The GSMA and Wireless Broadband Alliance (WBA) are collaborating to create a framework that the groups said will make roaming between mobile networks and Wi-Fi hotspots more seamless by next year.
The initiative does not have a formal name, but its goal is clear: to make roaming between a cellular network and a Wi-Fi network as simple and easy as it is today to roam between cellular networks. The GSMA and WBA will work to develop technical and commercial frameworks for Wi-Fi roaming so that smartphones, tablets and other mobile devices can roam onto Wi-Fi networks by using the device's SIM card for authentication. The groups said the plan will enable carriers to uniquely and securely identify users whether they are on a mobile or Wi-Fi network.
Currently, many carriers such as AT&T (NYSE:T) operate their own Wi-Fi networks, or they allow access to third-party hotspots such as those provided by Boingo Wireless, which said it supports the GSMA and WBA's announcement. However, often users must authenticate their device for each hotspot or pay a fee, which weakens partnerships between carriers and hotspot providers.
To tackle that, the initiative has agreed to a common approach for authenticating mobile devices on Wi-Fi hotspots. The groups will merge the GSMA's GPRS Roaming Exchange (GRX) and the WBA's Wireless Roaming Intermediary Exchange (WRIX) roaming models, which should allow devices to automatically log into Wi-Fi access points as long the carrier and hotspot provider have a business relationship. The GSMA and WBA said they will work toward aligning guidelines on security, billing, data offload, device implementation and network selection. The roaming framework is expected to be put in place in 2013, but may not be widely used for two to three years.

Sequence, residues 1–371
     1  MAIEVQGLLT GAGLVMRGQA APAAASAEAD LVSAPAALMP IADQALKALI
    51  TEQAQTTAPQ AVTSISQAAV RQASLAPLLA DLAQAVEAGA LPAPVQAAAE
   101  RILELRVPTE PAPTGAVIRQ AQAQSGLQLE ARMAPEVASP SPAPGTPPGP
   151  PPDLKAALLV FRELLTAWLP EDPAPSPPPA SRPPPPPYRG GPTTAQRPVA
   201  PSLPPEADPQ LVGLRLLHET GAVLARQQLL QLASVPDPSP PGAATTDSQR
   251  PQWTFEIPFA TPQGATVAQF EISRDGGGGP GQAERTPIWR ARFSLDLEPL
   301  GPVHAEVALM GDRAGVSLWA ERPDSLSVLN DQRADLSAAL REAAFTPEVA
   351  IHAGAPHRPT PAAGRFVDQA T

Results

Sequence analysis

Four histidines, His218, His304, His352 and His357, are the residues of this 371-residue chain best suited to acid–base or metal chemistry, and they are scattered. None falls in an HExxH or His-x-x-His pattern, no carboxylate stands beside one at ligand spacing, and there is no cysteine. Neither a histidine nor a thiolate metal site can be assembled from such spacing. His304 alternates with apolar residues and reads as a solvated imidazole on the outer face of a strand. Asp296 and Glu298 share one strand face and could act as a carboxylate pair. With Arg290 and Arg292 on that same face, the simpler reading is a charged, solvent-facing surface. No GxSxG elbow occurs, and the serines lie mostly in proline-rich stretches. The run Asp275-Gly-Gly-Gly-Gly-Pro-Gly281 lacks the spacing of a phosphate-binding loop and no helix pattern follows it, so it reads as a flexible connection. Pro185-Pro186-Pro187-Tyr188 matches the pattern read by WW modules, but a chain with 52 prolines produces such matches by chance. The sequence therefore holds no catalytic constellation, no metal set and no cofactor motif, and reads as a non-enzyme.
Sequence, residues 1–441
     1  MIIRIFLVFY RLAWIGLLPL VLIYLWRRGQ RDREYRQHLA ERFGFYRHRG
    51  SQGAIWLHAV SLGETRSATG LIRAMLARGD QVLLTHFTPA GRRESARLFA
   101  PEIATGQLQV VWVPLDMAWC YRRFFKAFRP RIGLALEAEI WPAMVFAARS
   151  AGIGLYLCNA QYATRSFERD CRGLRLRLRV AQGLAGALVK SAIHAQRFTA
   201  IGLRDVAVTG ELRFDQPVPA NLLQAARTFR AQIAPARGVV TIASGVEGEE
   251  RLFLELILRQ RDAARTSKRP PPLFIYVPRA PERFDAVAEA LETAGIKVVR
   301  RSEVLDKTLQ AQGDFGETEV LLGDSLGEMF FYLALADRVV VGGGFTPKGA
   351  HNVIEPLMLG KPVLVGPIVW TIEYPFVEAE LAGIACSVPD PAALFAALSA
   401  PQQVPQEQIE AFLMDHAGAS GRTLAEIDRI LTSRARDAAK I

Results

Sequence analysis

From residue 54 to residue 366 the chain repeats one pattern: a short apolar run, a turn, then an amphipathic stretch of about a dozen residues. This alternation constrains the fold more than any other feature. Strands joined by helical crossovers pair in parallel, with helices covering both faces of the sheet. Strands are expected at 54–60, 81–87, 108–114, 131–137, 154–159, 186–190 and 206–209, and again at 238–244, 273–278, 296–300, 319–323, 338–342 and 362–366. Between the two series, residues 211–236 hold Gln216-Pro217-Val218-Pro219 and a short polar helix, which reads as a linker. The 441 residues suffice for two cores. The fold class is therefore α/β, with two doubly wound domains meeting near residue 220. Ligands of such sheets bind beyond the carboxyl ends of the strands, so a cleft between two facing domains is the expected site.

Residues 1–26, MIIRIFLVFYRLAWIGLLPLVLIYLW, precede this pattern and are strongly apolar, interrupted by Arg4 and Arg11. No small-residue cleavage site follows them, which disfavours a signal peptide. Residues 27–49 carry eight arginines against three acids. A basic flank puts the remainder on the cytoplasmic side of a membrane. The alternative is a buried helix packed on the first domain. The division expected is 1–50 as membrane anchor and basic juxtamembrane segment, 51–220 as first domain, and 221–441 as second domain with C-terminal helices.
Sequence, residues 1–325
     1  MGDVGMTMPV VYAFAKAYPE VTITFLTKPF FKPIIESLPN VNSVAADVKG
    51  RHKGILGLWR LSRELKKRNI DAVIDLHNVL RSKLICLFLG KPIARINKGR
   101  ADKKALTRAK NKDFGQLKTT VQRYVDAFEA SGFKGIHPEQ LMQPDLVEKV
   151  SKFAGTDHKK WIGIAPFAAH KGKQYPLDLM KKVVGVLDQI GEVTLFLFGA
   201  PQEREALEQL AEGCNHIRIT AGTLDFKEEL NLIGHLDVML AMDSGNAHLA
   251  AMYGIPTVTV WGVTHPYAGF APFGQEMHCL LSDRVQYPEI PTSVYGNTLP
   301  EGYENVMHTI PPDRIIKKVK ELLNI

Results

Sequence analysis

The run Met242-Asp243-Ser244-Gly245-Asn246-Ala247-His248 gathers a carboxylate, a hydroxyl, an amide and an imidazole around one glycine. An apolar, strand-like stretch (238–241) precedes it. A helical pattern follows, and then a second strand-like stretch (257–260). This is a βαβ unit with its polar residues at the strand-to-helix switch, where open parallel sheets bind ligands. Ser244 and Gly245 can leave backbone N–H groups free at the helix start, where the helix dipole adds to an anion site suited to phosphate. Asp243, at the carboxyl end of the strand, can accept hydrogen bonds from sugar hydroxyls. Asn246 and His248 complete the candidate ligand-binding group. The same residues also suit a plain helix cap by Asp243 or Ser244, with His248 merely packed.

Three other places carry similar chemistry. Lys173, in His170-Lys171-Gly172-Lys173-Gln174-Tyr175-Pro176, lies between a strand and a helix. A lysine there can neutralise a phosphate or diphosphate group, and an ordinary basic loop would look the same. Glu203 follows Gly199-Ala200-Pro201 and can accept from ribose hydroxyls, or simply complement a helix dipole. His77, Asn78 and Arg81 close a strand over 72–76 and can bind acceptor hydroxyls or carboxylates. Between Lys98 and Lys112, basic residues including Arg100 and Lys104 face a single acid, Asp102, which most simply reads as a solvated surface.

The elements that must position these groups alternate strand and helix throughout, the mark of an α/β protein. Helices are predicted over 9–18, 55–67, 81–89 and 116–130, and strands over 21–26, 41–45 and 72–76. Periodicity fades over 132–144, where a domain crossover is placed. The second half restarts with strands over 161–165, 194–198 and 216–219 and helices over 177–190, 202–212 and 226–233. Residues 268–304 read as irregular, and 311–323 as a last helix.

The partnership comes at a time when carriers are increasingly looking to offload data traffic from their macro networks. In 2011, 11 percent of global mobile data traffic was offloaded from cellular networks, and by 2016 this will increase to 22 percent, according to Cisco's Visual Networking Index Global Mobile Data Traffic Forecast, released in February. By 2016, 31 percent of all handset and tablet data traffic will be offloaded to Wi-Fi networks, according to Cisco.
The groups said that Wi-Fi roaming will be based on the WBA's "Next Generation Hotspot" program and the Wi-Fi Alliance's "Passpoint certification" technology. The new roaming initiative is similar to one that the Wi-Fi Alliance and the WBA struck last year. Those groups combined their resources to address Wi-Fi hotspot roaming and authentication. Dan Warren with the GSMA said that the GSMA's new agreement with the WBA will work in conjunction with the roaming initiative announced last year by the Wi-Fi Alliance and the WBA. He said the GSMA's efforts essentially plug in carrier roaming agreements and SIM details into that previously established alliance.
Under the teaming from last year, the Wi-Fi Alliance's planned certification program for Wi-Fi equipment will combine with the WBA's inter-operator Wi-Fi roaming efforts. The alliance has been working on a Wi-Fi Certified hotspot program, otherwise known as Hotspot 2.0, to ensure that Wi-Fi devices can easily connect to hotspots in a security-protected, interoperable way. The alliance plans to introduce the certification program for next-generation hotspots in the middle of 2012.
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